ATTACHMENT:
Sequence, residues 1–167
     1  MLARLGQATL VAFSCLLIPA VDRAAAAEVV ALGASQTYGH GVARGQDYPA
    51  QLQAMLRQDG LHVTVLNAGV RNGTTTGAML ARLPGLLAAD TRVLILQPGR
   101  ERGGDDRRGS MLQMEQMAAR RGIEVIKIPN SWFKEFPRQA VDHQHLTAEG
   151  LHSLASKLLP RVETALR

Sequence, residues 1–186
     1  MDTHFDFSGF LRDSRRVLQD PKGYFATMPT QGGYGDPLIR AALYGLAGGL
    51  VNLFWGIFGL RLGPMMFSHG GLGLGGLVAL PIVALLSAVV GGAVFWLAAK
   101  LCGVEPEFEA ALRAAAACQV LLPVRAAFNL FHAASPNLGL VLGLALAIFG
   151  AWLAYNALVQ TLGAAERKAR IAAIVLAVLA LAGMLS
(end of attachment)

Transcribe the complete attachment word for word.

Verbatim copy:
Sequence, residues 1–167
     1  MLARLGQATL VAFSCLLIPA VDRAAAAEVV ALGASQTYGH GVARGQDYPA
    51  QLQAMLRQDG LHVTVLNAGV RNGTTTGAML ARLPGLLAAD TRVLILQPGR
   101  ERGGDDRRGS MLQMEQMAAR RGIEVIKIPN SWFKEFPRQA VDHQHLTAEG
   151  LHSLASKLLP RVETALR

Sequence, residues 1–186
     1  MDTHFDFSGF LRDSRRVLQD PKGYFATMPT QGGYGDPLIR AALYGLAGGL
    51  VNLFWGIFGL RLGPMMFSHG GLGLGGLVAL PIVALLSAVV GGAVFWLAAK
   101  LCGVEPEFEA ALRAAAACQV LLPVRAAFNL FHAASPNLGL VLGLALAIFG
   151  AWLAYNALVQ TLGAAERKAR IAAIVLAVLA LAGMLS